Capella › Crinum Mine › Lilyvale Waterhole › Kestrel Mine › Peak Range Lookout › Capella
Commence at the Post Office, and drive along Conran Street to join Yan Yan Road.
You pass through broadacre farming country with the Peak Range on your left, before you come to a right turn at the T-junction 8.3km from the Post Office. This right turn is a continuation of Yan Yan Road and will take you passed some of the coal mines in the Peak Downs District.
For the next couple of kilometres on the sides of the road, you can see the thick tufty Buffel Grass that was imported from America for improved pasture.
You pass, on the right, the Montrose Road turn 15.1km from the Post Office.
14.8km past the Montrose Road turn, on your left, you can see the start of the huge overburden heaps of the Gregory Open Cut Coal Mine. A further 3.7km brings you to the T-junction of the Yan Yan Road with the Lilyvale Road. Turn left here and then pass what was the entrance to Crinum – Gregory Mines Administration Centre 0.5km along on the left. Continue 2.0km and just over Crinum Creek on your left again, you will find the permanent waters of the Lilyvale Waterhole. Here also is the old Lilyvale site - the original town of the former Peak Downs Shire 1903 - 2008. Peak Downs Shire was amalgamated with the Bauhinia, Emerald and Duaringa Shire Councils to become the Central Highlands Regional Council in March 2008. The former Shire area is now known as the Peak Downs District.
Lilyvale was established following the start of its surrounding pastoral industry and the discovery of gold around Clermont in 1861. The original town plan was drawn up by pioneer surveyor, Charles Gregory in 1862. It was located on the Cobb and Co coach route between Clermont and Rockhampton. When the prohibitive cost of building a bridge across the Mackenzie River diverted the rail line through to Emerald and on to Capella, Lilyvale began to decline. Many of the houses were dismantled, transported to Capella and rebuilt. In 1933 all freehold lots were resumed and the streets closed in 1934. Today, the shelter built for Bicentenary celebrations sits on the site of the Lilyvale Hotel and crinum lilies flower after rains.
The underground Kestrel Mine access road turn is 1km, on the right, past Lilyvale. You can see some of the above ground structures, but unfortunately there are no mine tours available. If a coal train is loading you can sit in your car on the mine access roadside to watch – but do not enter the mine site itself. On your left you have a clear view of the overburden heaps of Gregory Mine.
9.4km from the T-junction and you can see the electric train line that was constructed to take Central Highlands coal to the port in Gladstone. A further 4km is the junction of the line that runs back to the Hay Point coal loading facility near Mackay. This enables coal to be shipped from two (2) ports as shipping requires.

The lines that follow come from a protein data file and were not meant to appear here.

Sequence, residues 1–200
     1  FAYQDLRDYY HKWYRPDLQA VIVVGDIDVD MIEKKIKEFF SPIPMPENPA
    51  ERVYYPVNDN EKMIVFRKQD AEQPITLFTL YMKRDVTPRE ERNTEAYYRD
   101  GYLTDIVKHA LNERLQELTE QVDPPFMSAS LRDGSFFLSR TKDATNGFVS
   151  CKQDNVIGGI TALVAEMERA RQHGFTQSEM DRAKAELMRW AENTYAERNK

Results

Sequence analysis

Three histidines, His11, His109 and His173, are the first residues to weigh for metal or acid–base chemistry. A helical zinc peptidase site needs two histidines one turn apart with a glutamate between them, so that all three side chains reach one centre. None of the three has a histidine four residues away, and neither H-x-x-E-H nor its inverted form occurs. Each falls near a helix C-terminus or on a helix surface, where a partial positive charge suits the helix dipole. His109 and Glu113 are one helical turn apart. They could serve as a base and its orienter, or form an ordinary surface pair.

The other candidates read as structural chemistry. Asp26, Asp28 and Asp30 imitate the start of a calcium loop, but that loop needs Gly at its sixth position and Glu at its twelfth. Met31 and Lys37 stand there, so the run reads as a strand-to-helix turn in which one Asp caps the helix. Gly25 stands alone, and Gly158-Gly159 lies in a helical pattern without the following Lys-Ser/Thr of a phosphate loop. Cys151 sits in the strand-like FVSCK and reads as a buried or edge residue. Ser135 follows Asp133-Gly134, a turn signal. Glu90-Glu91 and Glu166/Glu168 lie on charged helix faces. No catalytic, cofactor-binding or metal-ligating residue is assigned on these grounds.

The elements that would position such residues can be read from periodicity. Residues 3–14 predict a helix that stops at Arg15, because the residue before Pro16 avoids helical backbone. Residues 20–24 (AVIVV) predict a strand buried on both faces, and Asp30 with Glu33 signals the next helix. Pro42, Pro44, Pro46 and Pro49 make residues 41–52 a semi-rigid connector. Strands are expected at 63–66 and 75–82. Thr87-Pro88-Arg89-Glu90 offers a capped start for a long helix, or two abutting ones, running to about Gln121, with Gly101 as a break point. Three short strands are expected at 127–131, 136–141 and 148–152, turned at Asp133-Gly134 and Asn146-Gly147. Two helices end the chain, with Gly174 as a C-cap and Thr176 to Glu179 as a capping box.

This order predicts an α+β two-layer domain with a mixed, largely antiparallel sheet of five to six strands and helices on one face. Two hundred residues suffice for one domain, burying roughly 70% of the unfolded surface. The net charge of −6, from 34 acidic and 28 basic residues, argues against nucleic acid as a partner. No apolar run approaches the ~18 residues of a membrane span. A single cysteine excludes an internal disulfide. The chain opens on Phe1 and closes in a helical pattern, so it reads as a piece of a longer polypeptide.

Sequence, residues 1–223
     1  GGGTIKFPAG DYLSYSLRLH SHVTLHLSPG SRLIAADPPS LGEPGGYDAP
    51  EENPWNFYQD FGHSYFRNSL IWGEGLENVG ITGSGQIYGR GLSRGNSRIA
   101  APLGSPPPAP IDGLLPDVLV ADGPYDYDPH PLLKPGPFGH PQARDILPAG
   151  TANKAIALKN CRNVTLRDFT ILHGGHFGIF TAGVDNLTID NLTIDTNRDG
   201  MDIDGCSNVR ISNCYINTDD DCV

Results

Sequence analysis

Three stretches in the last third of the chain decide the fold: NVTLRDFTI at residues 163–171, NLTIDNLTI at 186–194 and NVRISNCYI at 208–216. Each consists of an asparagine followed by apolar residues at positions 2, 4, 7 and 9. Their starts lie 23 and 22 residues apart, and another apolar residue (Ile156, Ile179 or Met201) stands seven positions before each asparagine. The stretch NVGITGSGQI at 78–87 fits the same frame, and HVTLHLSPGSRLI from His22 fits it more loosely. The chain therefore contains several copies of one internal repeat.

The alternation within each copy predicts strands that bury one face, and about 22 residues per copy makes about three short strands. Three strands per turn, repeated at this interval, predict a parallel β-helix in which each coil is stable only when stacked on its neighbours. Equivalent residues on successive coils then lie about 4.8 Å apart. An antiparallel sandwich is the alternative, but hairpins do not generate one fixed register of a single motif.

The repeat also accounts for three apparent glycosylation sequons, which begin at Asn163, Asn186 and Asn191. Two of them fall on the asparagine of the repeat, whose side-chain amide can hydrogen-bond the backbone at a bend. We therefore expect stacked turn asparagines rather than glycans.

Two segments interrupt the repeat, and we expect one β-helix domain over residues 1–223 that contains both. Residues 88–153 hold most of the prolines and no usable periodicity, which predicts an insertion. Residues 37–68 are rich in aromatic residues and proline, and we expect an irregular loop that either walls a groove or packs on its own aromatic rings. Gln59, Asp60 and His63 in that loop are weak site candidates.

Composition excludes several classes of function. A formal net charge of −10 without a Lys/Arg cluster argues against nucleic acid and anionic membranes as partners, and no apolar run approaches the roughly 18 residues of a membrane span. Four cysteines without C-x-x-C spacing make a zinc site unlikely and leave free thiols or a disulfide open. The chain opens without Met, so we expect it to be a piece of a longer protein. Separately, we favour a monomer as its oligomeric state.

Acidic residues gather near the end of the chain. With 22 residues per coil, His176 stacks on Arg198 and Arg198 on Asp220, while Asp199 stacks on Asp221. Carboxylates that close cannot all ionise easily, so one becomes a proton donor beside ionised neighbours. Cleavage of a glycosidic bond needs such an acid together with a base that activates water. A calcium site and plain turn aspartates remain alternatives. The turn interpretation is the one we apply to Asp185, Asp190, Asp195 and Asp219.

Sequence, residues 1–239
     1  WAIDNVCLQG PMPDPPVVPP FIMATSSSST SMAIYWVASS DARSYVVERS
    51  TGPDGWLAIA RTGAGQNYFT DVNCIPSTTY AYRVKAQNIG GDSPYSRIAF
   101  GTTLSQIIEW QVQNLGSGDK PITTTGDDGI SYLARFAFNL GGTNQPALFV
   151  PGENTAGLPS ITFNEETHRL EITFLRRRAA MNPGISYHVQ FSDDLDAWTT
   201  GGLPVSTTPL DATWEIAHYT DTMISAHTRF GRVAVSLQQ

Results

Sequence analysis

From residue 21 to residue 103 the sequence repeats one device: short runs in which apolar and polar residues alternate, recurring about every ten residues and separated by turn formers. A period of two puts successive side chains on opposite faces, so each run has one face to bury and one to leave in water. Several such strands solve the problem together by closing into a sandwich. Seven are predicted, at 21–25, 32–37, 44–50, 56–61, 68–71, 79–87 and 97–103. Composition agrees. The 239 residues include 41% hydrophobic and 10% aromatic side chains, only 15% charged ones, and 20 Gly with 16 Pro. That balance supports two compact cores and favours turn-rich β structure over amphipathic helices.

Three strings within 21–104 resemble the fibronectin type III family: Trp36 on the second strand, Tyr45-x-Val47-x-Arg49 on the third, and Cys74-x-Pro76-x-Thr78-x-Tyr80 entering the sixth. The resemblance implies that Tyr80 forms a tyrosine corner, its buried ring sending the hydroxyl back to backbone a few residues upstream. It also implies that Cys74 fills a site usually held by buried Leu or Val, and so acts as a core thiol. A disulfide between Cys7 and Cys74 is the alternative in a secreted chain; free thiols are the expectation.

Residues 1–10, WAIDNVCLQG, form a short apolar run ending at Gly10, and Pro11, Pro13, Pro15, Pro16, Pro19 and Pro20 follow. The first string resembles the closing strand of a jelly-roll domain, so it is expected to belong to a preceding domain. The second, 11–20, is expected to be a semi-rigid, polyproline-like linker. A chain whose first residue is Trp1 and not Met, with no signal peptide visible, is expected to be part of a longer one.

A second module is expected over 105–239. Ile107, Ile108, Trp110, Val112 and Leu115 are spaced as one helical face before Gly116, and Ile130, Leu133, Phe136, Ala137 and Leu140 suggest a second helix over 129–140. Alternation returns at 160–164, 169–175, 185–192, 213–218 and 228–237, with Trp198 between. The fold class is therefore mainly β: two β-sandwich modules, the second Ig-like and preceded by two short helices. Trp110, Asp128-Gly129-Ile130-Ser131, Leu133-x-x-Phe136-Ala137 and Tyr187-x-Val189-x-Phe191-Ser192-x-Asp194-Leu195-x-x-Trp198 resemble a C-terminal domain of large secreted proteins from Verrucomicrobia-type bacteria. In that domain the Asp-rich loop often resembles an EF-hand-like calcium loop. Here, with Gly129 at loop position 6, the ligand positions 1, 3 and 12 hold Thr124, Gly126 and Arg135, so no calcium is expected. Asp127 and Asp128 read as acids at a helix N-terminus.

Turn around and retrace your steps to the Lilyvale/Yan Yan T-junction, but stay on the Lilyvale Road. The property Gordon Downs is now on your left. The district’s Gordon Downs, Logan Downs and Peak Downs woolsheds were instrumental in the start of the Great Shearer's Strike in 1891.
At the Logan Downs Roll Call on 6 January 1891, the Great Shearer's Strike over low pay and bad conditions began. Shortly after, the action moved to Gordon Downs and by the end of January, the ‘Big Union Guns’ had arrived on the scene. After a time they set up their headquarters up in Barcaldine - because of its central location in the vast wool producing area. Members of the Capella Pioneer Village committee have dismantled an original Gordon Downs woolshed and have reassembled it at its Capella complex.
Gordon Road is 13.1km from the T-junction on the right. It will bring you back to the Gregory Highway about half way between Capella and Emerald.
You pass through farming and grazing country for another 13.8km until you come to the T-junction with the Gregory Highway. Turn right and head back to Capella.
As you pass the property Lucknow 10km along, you can see the high dingo fences used to keep dingoes out of the sheep paddocks. Lucknow is one of the few properties on the Central Highlands to run sheep now. Most were wiped out during the big 1969 drought after which graziers turned fully to beef production - mainly with the old European breeds. But over the years they have turned to the more drought and tick resistant Brahman or Brahman Cross cattle. On the right, you can see the Peak Range again as you pass the other end of Gordon Road, 12.4km from the T-junction.
The western end of Montrose Road is 8.1km further on. There is a Lookout providing a panoramic view over the downs country to the Peak Range on Springvale hill 32.9km from the T-junction. Capella is just down in the valley 2.7km away.
When you reach Capella again you might like to fuel up at the service station with the shearer out the front and plan your visit the Capella Pioneer Village to learn more of the area’s social and agricultural history, including the beginnings of modern broadacre farming with the Queensland - British Food Corporation project. The Capella Pioneer Village is open Thursday and Sunday mornings from 9am to 1pm (last entry12 noon) during autumn, winter and spring.
Total length of the fully sealed tour is 115km.